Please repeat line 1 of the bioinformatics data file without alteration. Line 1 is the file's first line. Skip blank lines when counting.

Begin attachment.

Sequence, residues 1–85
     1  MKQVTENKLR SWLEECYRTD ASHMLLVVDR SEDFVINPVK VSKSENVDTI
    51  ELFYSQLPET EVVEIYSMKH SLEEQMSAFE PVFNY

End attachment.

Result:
Sequence, residues 1–85